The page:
It was critical to Mona to put as many truly one-of-a-kind touches into her home as possible, and that meant sourcing the areaâ€™s top artisans and craftspeople for custom elements.
The master bedroom features beautiful reclaimed wood floors, a relaxing sitting area tucked behind a stone arch, and a striking metallic sunburst ceiling design.
â€œIt was really amazing to see people bond with us to make our dream happen,â€? says Mona of the many artisans and craftspeople she and Scott worked with to build their home.
Left: This is how to live outdoors. Thanks to a fully covered outdoor patio, the Wilsons make regular use of their outdoor kitchen, granite-topped bar, seating area with fireplace and TV, pool, hot tub, and water feature. From any one of these thoughtfully sited areas, the views are simply amazing. Outdoor kitchen built by MTD Construction.
S U C A S A S u m m e r 2015
designed the kitchen around that chandelier,” Mona says. As an interior designer, it was critical to Mona to put as many truly one-of-a-kind touches into her home as possible, and that meant sourcing the area’s top artisans and craftspeople for custom elements. They are everywhere: the entertainment center in the family room and the book case in the master bedroom built by Gorky Pacha of Woodlife Custom Craft; the textural, metallic Variance finishes throughout the house by Mike Sauer (Illusions Painting & Plastering) and Micah Carroll (Las Manos Hand Crafted Finishes); the beautifully refinished reclaimed wood floors and stunning curving staircase by Benchmark Woodfloors; and all of the doors, custom-designed and built by Santa Fe Doors, including the folding window wall that opens the family room to the outdoor living area. For all its size—four bedrooms and six baths—there is no wasted or unused space in the Wilsons’ home. “Functionality is a big thing to me—as it is for most women,” Mona says. She and Scott have his-and-her garages, but hers has a handy storage room built in for quickly storing purchases
Mona threw herself into the build, discovering two things: “It made me nuts. And—I loved it!”
When the sun goes down, the house comes alive. Ample lighting allows the family to enjoy their outdoor living spaces well into the summer evenings. Pool by Lee-Sure Pools.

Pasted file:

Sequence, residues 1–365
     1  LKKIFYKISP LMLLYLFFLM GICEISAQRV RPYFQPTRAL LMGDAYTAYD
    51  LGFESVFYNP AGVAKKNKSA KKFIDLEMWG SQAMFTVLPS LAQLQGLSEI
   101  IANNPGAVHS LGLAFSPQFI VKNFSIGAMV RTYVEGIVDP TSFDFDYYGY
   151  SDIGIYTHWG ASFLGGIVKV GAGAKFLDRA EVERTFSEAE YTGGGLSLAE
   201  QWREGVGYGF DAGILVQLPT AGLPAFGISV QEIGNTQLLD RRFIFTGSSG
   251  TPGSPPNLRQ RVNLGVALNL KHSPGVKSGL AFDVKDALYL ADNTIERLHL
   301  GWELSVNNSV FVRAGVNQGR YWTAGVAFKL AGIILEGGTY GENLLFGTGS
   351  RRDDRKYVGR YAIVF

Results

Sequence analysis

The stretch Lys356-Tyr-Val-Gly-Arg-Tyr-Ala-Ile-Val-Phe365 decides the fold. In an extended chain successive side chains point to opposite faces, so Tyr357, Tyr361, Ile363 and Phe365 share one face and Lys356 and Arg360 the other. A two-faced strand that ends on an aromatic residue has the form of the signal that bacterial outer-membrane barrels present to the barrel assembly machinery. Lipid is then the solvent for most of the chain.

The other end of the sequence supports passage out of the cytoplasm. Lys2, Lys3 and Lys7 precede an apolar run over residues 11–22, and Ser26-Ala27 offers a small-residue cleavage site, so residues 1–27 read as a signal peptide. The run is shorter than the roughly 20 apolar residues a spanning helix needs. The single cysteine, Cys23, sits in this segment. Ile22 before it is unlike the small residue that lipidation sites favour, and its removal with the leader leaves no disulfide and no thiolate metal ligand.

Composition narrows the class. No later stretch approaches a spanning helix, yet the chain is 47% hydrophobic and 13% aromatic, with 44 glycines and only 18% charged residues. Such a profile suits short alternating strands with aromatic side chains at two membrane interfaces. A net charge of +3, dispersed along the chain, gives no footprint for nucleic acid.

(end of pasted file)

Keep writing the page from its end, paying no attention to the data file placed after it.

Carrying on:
from Costco runs, holiday décor, and other girlie stuff. Naturally, it’s neat as a pin. Despite the trials and errors that occurred along the way—or perhaps because of them—Mona revels in the ultimate success of her own home building experience. After months of heartache and worry, she emerged not only infinitely more knowledgeable about home design and building,
The Wilson family, from left: Olivia, Mona, Scott, Matt, and Shelby
but eager to share that knowledge with others. She even has a company name picked out: Enchanted Touch Designs by Mona Wilson. Stay tuned! There’s a large inlaid cross in the entry hall floor, a reminder to Mona and Scott about keeping faith when the going gets rough. “When I walked in and saw that cross for the first time, I knew I could do this,” Mona recalls with emotion. “I thought, God has brought us to this gift, and now he would bring us through it.”
received A South Valley home offers warmth for the body and satisfaction for the soul
by Jessa Cast
T East Mountain Design, 505-470-8110
S U C A S A S u m m e r 2015
Photographs by Amadeus Leitner
hough the idea of growing up on a farm in Scotland may sound romantic to some, for Pat Cargill, who did just that, her childhood memories are largely about being cold—all the time. “I grew up sitting next to a cold hearth,” she recalls. “We used to have ice on the inside of the window panes in our drafty old farmhouse.” As a child, she yearned to redesign her parents’ home, knowing that some day she would build her own house.
When that opportunity finally came, it was in Albuquerque, New Mexico, many miles from that Scottish farmhouse. It was of the utmost importance to Cargill that she design a home that would keep her and her husband, Jack Carangelo, warm. Over and above designing the home herself, Cargill also knew she wanted to immerse herself completely in the construction process. After five years of playing with designs, she was ready to break ground on the South Valley property. She and Carangelo lived in a casita at one end of the property while the new home was being built, and installed a substantial vineyard so Carangelo could make wine. Their large property is bucolic even by rural South Valley standards, well hidden from any street traffic, with two huge old cottonwood trees anchoring the vineyardâ€™s east side and announcing that one has arrived at the Cargill-Carangelo residence.
Here and opposite: Far from being relegated to the back of the house, the semicovered patio, which faces the vineyard, is actually the first thing you see when coming up the driveway.
A pair of towering cottonwoods marks the end of the vineyard as it approaches the porch.
Flanked on either side by concrete pillars, the low-roofed entryway opens to multilevel wings on either side: guest space on the left and the kitchen and living areas on the right. A third wing wraps to the rear around a courtyard.